ELLIOTT, CLAUDE (1896–1958). Claude Elliott, teacher, writer, and historian, the son of Robert Mitchell and Martha (Smith) Elliott, was born at Cross Plains, Texas, on September 21, 1896. After attending Abilene Christian College, Simmons College (now Hardin-Simmons University), and West Texas State Teachers College, he began his teaching career at Sardis and Donna. He received his B.A. degree from Southwest Texas State Teachers College in 1923 and served as superintendent of the La Feria schools from 1923 to 1928. While at La Feria he pursued his graduate studies at the University of Texas, where he was awarded the M.A. degree in 1928 and the Ph.D. degree in 1934. He married Emma Edwin Moore at San Marcos on September 6, 1927, and joined the faculty of Southwest Texas State Teachers College in September 1929.
At UT, Elliott studied history under Eugene C. Barker, Charles W. Ramsdell, Walter P. Webb, and others. As a faculty member at Southwest Texas State, he was a great influence in the growth and development of the school. Although classroom teaching was his primary interest, he found time to serve as registrar and, later, as graduate dean. He wrote Leathercoat: The Life History of a Texas Patriot (1938) and compiled and edited a checklist of theses and dissertations, Theses on Texas History (1955). He served on the advisory council of the Handbook of Texas and contributed articles to the Southwestern Historical Quarterly, the Georgia Historical Review, the Southwestern Social Science Quarterly (now the Social Science Quarterly), and the Journal of Southern History. He was a fellow of the Texas State Historical Association and served the organization as vice president (1947–52) and president (1953–55). He died in Houston on October 1, 1958, and was buried in San Marcos.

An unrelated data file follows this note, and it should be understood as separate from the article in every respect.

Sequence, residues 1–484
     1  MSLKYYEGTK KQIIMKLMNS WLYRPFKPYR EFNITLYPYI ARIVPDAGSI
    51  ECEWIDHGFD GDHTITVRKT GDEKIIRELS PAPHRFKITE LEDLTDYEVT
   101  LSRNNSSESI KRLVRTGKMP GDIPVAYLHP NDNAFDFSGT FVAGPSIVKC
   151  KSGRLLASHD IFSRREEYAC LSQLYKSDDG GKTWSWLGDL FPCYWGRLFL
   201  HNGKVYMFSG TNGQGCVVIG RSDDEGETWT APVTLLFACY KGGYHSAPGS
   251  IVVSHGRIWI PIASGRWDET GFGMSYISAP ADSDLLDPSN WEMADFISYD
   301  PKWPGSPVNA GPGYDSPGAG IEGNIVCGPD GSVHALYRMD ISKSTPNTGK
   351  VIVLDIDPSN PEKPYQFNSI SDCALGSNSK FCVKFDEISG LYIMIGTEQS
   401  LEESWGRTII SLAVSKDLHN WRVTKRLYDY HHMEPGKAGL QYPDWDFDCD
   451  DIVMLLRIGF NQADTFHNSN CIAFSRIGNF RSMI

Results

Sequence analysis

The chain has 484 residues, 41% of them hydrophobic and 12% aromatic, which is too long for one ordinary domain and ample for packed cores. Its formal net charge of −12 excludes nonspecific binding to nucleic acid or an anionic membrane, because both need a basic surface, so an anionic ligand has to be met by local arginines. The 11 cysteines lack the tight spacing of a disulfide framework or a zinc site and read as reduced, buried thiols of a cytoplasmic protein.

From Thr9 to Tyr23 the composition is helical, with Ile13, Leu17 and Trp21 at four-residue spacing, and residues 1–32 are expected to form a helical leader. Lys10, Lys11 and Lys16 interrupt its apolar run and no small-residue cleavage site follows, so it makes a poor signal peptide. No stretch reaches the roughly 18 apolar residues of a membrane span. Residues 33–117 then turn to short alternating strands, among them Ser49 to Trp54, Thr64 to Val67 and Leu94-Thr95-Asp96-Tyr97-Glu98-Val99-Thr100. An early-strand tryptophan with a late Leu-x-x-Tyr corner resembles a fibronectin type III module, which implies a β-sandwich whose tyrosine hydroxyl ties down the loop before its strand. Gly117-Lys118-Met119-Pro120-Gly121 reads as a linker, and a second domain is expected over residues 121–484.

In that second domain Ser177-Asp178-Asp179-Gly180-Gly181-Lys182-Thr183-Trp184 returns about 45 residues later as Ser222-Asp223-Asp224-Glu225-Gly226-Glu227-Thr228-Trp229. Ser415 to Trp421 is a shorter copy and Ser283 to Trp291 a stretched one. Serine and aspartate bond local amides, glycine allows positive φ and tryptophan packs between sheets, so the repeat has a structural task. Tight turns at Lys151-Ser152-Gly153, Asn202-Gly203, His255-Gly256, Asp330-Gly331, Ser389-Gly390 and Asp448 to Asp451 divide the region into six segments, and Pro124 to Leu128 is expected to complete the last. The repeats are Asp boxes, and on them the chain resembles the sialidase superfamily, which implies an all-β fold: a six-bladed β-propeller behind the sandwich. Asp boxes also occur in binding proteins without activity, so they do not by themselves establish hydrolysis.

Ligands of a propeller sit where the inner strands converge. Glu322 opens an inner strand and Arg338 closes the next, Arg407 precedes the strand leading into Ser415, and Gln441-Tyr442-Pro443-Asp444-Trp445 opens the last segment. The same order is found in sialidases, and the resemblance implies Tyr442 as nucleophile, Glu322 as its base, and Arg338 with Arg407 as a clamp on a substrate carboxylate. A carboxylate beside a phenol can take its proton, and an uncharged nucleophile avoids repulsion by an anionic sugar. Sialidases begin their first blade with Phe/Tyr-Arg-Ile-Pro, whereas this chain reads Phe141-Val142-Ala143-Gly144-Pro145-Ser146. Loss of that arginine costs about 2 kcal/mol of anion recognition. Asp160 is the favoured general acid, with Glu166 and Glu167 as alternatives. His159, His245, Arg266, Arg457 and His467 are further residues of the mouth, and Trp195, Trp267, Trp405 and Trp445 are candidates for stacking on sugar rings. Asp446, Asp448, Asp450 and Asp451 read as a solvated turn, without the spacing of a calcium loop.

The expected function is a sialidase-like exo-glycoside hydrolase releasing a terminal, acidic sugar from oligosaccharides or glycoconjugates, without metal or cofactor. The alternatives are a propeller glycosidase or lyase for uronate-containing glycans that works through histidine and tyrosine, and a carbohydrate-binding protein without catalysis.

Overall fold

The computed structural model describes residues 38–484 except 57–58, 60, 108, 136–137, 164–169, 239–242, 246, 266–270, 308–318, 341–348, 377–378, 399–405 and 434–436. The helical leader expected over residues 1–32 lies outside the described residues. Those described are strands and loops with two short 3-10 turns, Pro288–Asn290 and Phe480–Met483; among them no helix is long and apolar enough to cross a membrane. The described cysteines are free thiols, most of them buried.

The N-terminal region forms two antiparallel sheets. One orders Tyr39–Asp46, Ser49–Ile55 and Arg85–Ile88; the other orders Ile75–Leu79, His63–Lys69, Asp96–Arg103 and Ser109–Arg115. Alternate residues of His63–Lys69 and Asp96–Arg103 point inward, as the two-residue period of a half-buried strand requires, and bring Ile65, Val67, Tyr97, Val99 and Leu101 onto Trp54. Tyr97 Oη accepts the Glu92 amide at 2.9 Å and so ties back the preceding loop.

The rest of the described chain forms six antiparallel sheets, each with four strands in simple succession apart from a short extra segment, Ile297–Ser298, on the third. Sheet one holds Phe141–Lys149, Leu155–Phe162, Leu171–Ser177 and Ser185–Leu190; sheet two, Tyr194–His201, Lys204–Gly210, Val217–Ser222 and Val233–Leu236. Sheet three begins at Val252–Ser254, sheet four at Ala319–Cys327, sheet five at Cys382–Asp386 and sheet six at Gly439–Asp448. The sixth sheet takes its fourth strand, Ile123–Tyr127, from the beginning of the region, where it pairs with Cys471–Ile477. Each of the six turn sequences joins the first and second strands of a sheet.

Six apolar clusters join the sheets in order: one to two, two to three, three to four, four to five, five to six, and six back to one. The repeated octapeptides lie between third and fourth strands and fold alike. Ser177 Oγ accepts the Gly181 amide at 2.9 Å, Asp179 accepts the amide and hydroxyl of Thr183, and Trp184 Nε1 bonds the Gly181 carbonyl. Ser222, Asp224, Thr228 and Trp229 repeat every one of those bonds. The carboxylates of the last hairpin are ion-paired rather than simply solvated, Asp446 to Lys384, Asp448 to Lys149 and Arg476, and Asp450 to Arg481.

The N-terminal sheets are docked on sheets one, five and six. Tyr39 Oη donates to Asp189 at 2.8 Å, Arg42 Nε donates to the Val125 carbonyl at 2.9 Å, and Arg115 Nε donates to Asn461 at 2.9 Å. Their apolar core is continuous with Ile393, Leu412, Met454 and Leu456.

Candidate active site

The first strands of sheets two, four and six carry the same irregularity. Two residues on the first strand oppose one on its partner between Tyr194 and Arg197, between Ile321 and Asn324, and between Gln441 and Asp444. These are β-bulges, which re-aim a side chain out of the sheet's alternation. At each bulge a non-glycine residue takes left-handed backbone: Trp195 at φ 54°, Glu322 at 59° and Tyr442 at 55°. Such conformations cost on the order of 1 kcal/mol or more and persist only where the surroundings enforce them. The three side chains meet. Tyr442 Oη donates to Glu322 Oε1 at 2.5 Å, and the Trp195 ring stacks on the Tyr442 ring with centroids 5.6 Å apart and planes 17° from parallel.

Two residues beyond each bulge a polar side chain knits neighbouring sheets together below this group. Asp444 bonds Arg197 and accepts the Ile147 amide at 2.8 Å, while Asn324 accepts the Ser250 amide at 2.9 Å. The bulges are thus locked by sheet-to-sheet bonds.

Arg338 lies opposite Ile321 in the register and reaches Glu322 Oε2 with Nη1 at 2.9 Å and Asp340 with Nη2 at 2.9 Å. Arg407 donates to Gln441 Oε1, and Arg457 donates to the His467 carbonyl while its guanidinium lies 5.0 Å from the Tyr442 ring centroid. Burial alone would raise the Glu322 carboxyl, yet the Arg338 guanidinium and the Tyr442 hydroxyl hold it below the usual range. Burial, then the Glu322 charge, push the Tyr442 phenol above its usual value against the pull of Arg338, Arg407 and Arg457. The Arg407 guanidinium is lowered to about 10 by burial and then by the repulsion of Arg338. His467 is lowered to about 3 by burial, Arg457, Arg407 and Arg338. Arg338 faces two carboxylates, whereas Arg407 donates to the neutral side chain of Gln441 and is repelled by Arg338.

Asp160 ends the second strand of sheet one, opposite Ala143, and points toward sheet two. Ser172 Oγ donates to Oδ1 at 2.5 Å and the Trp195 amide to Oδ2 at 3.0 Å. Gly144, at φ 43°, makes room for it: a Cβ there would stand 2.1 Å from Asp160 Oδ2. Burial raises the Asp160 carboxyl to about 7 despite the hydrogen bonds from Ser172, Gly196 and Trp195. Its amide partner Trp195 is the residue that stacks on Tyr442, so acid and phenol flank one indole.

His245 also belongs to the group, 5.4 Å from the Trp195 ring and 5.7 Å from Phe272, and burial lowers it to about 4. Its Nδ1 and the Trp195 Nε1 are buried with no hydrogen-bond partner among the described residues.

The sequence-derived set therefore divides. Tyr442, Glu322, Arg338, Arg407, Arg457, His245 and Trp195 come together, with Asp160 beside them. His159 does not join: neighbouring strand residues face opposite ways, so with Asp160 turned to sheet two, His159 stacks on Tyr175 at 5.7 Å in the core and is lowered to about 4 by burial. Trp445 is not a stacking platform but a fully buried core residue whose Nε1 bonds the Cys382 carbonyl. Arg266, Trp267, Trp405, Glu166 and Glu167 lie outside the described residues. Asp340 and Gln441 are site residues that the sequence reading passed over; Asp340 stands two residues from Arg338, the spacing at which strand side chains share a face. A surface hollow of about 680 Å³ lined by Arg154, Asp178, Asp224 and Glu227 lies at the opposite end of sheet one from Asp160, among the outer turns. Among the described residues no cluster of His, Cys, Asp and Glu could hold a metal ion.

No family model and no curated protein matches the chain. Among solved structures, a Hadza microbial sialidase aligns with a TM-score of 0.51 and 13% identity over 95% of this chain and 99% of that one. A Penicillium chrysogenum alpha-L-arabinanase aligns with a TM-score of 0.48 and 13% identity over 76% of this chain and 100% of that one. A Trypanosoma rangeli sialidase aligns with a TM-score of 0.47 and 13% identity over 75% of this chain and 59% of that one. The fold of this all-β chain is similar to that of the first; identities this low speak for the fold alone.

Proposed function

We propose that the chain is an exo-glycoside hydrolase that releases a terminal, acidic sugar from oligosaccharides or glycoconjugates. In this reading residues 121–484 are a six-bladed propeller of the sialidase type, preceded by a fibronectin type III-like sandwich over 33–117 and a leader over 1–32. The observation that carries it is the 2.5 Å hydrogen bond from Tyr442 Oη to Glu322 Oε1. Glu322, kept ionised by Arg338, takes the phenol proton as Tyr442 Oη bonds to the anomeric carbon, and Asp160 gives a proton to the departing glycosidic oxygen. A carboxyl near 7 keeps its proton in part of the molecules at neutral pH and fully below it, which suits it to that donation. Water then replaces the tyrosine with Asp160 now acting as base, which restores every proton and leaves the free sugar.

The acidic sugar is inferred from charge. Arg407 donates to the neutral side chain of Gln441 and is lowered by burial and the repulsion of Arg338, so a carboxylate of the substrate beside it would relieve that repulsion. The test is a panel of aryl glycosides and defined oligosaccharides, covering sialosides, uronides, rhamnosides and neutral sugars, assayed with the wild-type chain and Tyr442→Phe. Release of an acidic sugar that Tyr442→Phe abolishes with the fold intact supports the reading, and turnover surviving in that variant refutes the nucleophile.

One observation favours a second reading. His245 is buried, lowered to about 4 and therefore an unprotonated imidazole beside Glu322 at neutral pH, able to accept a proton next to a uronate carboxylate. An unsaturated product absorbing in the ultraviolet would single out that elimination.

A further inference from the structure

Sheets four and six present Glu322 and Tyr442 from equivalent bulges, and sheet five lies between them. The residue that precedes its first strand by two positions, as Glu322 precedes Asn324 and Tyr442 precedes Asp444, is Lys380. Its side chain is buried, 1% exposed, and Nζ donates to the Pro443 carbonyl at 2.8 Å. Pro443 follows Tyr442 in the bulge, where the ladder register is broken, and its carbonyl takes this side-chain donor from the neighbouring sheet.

Who's Who in America, 1952–53.
The following, adapted from the Chicago Manual of Style, 15th edition, is the preferred citation for this article.William C. Pool, "ELLIOTT, CLAUDE," Handbook of Texas Online (http://www.tshaonline.org/handbook/online/articles/fel10), accessed May 18, 2013. Published by the Texas State Historical Association.